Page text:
Lastly, in Figure 4 we show the effects of viscosity parameter on , and . We observe that viscosity reduces the velocity and increases the boundary layer thickness. The minimum values of are observed near the center of the channel. It is noted in Figure 4 that increasing the values of initially decreases but increases it after the channel center. It can also be observed in Figure 4 that significantly affects . As increases, values are greatly reduced attaining their minimum values near the shrinking sheet.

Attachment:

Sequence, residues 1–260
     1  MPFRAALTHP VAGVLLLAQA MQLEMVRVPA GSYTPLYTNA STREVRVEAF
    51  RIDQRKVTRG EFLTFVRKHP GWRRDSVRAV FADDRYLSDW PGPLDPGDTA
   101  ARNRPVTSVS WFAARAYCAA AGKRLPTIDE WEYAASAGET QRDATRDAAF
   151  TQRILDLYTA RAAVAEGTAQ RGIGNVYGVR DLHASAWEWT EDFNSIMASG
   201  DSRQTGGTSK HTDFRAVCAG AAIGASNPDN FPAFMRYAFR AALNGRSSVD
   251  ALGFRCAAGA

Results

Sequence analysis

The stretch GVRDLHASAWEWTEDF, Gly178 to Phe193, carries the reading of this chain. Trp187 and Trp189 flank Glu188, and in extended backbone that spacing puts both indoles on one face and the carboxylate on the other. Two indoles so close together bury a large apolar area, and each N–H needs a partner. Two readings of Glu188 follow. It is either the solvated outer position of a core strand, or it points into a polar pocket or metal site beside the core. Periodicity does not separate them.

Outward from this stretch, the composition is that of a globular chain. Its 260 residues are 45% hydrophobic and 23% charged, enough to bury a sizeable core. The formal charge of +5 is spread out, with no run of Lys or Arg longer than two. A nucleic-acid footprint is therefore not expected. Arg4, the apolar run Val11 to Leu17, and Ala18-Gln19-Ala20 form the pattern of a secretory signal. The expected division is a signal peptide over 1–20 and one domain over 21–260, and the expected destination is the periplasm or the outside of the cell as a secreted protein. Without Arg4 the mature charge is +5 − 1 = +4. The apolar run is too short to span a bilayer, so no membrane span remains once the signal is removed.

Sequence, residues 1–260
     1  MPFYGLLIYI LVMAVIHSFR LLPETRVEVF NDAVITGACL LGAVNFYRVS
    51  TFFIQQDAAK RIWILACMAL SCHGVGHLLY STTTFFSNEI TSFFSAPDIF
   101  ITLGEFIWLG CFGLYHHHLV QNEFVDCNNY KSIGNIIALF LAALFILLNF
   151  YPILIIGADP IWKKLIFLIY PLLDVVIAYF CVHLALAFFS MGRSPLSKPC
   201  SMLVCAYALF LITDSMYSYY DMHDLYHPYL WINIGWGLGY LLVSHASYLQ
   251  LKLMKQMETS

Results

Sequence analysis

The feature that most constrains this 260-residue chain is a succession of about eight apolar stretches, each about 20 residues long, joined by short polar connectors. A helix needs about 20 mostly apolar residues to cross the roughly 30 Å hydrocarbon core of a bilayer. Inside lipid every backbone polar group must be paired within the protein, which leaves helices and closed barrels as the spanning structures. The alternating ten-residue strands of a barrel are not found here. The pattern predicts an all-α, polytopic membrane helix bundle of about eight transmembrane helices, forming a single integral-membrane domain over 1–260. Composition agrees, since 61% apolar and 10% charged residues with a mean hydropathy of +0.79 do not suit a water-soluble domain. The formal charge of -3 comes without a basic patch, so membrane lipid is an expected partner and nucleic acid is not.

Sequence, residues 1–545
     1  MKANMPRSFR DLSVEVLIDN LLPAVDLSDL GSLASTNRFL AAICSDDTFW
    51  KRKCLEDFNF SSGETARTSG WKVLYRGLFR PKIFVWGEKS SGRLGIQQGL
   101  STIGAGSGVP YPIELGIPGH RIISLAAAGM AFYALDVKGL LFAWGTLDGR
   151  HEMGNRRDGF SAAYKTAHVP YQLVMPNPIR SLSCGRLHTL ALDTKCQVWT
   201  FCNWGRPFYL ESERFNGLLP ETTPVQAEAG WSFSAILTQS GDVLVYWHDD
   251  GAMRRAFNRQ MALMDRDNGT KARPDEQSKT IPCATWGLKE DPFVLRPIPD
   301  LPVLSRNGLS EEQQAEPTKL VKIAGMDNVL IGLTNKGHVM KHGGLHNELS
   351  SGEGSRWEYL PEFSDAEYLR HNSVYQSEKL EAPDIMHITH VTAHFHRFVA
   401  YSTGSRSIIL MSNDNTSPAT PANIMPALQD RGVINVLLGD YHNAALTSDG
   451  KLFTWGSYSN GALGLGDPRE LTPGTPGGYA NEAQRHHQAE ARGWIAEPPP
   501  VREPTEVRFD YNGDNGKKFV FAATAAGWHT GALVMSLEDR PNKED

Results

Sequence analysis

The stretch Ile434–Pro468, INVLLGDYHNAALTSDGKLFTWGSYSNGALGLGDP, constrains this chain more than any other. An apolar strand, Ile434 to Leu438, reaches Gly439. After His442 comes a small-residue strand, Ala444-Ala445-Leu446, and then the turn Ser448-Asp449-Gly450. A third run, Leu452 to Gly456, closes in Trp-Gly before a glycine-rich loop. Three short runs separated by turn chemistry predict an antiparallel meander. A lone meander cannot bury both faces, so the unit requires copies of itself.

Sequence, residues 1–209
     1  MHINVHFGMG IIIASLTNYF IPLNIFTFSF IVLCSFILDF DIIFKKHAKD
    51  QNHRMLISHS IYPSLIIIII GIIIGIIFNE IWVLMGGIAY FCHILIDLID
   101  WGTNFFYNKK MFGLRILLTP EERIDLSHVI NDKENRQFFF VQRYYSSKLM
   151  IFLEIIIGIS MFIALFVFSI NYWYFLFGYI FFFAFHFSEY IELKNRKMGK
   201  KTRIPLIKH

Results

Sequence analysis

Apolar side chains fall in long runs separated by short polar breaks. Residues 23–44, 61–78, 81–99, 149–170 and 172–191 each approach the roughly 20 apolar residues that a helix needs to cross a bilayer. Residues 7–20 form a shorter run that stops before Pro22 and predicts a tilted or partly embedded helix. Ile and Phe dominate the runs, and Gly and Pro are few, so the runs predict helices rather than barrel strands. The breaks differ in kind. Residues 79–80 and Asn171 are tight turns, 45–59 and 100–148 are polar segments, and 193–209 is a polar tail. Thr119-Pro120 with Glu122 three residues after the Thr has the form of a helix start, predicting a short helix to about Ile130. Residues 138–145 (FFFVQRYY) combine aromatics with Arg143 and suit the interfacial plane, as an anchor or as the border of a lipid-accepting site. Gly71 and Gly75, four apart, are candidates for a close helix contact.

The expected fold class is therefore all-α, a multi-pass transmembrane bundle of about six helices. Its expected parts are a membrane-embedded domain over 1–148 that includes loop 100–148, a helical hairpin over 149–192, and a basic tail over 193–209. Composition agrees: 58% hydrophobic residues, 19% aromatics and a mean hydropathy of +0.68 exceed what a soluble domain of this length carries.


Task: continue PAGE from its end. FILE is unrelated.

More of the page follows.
5. Conclusion

The three-dimensional rotating flow in a channel generated by a shrinking sheet is studied. The spectral-homotopy analysis method is used to solve the nonlinear system of ordinary differential equations. The variations of the four main parameters on the velocity and wall shear stress are discussed through graphs and tables, respectively. The following observations have been made. (i)The SHAM rapidly converges to the numerical results generated by MATLAB bvp4c routine. (ii)The velocity increases for , , and but decreases for .(iii)The velocity decreases for increasing values of but is not a monotonous function of , , and .(iv)The velocity decreases for increasing values of , and but increases for increasing values of .

Acknowledgment

The authors wish to acknowledge financial support from the University of Swaziland.